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NASA scientists confirm existence of new kind of star — predicted six years ago by UT Austin and Chapell Hill astronomers

Six years ago, two astronomers predicted the existence of a new kind of star in the Universe æ a star with a tremendously strong magnetic field, hundreds of times stronger than generally thought attainable. Dr. Robert Duncan of The University of Texas at Austin and Dr. Christopher Thompson of the University of North Carolina at Chapell Hill predicted that such stars, which they called “magnetars,” can become so strongly magnetized that magnetism itself heats them and powers bursts of gamma rays.

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AUSTIN, Texas–Six years ago, two astronomers predicted the existence of a new kind of star in the Universe æ a star with a tremendously strong magnetic field, hundreds of times stronger than generally thought attainable. Dr. Robert Duncan of The University of Texas at Austin and Dr. Christopher Thompson of the University of North Carolina at Chapell Hill predicted that such stars, which they called “magnetars,” can become so strongly magnetized that magnetism itself heats them and powers bursts of gamma rays.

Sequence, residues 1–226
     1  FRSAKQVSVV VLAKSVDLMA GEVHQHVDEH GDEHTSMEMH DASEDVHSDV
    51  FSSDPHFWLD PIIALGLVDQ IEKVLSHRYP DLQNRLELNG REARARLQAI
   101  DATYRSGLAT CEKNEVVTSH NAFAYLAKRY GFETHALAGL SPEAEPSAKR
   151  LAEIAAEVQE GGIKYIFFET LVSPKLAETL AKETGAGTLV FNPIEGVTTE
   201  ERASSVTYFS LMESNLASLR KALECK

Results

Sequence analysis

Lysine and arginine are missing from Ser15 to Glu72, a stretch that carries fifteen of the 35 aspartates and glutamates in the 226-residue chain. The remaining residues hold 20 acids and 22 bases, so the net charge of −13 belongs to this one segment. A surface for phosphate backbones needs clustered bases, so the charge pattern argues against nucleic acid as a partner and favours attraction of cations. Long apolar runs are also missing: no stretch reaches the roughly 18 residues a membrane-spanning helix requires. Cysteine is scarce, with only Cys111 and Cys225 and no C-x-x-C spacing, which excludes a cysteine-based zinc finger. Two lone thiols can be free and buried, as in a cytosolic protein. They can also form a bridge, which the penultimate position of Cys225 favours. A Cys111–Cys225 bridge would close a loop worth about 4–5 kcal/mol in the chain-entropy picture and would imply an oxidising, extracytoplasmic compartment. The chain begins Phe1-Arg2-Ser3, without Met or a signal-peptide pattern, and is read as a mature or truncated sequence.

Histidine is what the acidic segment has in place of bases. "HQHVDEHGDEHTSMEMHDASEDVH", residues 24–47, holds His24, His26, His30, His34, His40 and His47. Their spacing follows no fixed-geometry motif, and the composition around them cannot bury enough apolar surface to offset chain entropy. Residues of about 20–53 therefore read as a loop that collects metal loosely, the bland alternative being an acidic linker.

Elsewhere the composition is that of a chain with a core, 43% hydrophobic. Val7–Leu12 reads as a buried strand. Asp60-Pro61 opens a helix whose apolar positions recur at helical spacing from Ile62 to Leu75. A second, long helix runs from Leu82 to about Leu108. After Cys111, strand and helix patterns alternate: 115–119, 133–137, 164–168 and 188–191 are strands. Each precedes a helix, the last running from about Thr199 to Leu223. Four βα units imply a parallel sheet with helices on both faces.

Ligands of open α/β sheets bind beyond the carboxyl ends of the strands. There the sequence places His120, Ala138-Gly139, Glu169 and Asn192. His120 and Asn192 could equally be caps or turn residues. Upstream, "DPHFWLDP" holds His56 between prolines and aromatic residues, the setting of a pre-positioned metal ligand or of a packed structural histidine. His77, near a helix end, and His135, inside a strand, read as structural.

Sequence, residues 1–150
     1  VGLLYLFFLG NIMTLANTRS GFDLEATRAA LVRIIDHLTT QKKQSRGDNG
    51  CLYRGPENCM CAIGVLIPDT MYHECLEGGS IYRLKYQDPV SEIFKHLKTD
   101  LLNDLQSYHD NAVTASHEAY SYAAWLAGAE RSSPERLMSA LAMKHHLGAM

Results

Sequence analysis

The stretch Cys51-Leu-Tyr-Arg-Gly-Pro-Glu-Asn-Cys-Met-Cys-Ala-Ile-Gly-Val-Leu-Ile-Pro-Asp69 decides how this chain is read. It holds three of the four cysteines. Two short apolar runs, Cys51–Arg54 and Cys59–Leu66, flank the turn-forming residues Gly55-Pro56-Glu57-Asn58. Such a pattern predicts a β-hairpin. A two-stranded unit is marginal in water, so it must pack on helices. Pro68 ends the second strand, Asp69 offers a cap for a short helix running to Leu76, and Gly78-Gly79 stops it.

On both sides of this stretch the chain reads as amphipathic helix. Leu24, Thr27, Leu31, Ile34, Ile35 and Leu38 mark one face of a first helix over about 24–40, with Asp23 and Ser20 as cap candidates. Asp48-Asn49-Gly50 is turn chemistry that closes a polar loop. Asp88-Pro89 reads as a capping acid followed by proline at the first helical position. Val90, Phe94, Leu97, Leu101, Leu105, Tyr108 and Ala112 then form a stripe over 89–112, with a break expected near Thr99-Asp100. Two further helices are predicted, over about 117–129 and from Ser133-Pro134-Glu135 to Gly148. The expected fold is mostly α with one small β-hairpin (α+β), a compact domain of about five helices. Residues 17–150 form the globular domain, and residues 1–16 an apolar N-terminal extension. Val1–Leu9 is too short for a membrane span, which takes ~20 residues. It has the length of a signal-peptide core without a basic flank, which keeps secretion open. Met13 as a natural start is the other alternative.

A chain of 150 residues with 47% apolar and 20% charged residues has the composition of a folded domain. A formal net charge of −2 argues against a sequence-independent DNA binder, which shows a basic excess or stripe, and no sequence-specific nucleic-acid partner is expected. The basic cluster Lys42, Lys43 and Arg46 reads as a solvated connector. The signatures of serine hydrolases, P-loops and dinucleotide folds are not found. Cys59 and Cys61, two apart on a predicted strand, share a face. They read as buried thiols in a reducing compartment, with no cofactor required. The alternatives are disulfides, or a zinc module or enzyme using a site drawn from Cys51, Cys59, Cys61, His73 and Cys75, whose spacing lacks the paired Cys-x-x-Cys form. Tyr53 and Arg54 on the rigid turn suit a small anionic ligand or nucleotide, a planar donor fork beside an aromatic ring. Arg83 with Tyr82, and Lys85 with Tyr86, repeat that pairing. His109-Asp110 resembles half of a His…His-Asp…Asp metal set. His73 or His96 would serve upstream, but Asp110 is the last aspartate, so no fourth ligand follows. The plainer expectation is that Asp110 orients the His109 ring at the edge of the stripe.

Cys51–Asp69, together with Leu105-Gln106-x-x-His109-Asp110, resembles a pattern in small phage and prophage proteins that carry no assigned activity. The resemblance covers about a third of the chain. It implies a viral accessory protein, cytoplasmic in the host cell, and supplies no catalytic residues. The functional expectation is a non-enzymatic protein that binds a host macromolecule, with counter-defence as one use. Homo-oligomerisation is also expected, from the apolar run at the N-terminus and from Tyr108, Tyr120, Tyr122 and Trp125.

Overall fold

Now X-ray detectors aboard a NASA satellite have found strong evidence that these stars exist. In fact, the new evidence suggests that our Galaxy may contain millions of these super-magnetic, ultra-dense stars, although only the youngest and brightest 10 or 12 of them have been detected so far.

In 1992, Duncan and Thompson outlined a theory of how “magnetars” form, and how they behave. Their calculations suggested that some mysterious bursting stars observed by astronomers, the so-called “soft gamma repeaters,”were actually a manifestation of the theoretical magnetars.

Soft gamma repeaters (SGRs) were first detected in the late 1970s. They emit very intense bursts of “soft,” or low-energy, gamma rays. SGRs are the brightest bursting objects in our Galaxy that survive their own outbursts to burst again. They can give off as much energy in a single second as the Sun does in an entire year. SGRs are found within the clouds of debris left over from exploding stars (supernovae). This has led astronomers to suspect that SGRs are some kind of neutron star, since neutron stars are known to form inside supernovae.

Neutron stars are quite familiar to astronomers; hundreds have been detected since they were discovered in 1968. They are rapidly spinning, dense balls of neutrons, like giant atomic nuclei, more massive than the Sun but only about 12 miles across. However, the familiar kind of neutron stars (called “pulsars”) have much weaker magnetic fields than those that were contemplated by Duncan and Thompson. The question of why some neutron stars become SGRs and emit bursts of gamma rays has been hotly debated.